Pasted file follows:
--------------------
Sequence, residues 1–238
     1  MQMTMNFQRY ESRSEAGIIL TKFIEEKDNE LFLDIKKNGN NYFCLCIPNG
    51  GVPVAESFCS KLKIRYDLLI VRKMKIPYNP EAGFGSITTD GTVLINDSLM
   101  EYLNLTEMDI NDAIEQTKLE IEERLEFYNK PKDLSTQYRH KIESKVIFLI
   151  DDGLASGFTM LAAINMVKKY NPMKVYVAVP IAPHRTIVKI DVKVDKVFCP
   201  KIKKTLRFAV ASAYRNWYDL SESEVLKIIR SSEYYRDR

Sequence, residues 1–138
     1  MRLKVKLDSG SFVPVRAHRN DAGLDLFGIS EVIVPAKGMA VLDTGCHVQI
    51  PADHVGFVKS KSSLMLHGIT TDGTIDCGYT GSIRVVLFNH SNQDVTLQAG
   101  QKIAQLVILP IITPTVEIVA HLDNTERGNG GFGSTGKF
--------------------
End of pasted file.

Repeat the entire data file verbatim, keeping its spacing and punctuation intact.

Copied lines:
Sequence, residues 1–238
     1  MQMTMNFQRY ESRSEAGIIL TKFIEEKDNE LFLDIKKNGN NYFCLCIPNG
    51  GVPVAESFCS KLKIRYDLLI VRKMKIPYNP EAGFGSITTD GTVLINDSLM
   101  EYLNLTEMDI NDAIEQTKLE IEERLEFYNK PKDLSTQYRH KIESKVIFLI
   151  DDGLASGFTM LAAINMVKKY NPMKVYVAVP IAPHRTIVKI DVKVDKVFCP
   201  KIKKTLRFAV ASAYRNWYDL SESEVLKIIR SSEYYRDR

Sequence, residues 1–138
     1  MRLKVKLDSG SFVPVRAHRN DAGLDLFGIS EVIVPAKGMA VLDTGCHVQI
    51  PADHVGFVKS KSSLMLHGIT TDGTIDCGYT GSIRVVLFNH SNQDVTLQAG
   101  QKIAQLVILP IITPTVEIVA HLDNTERGNG GFGSTGKF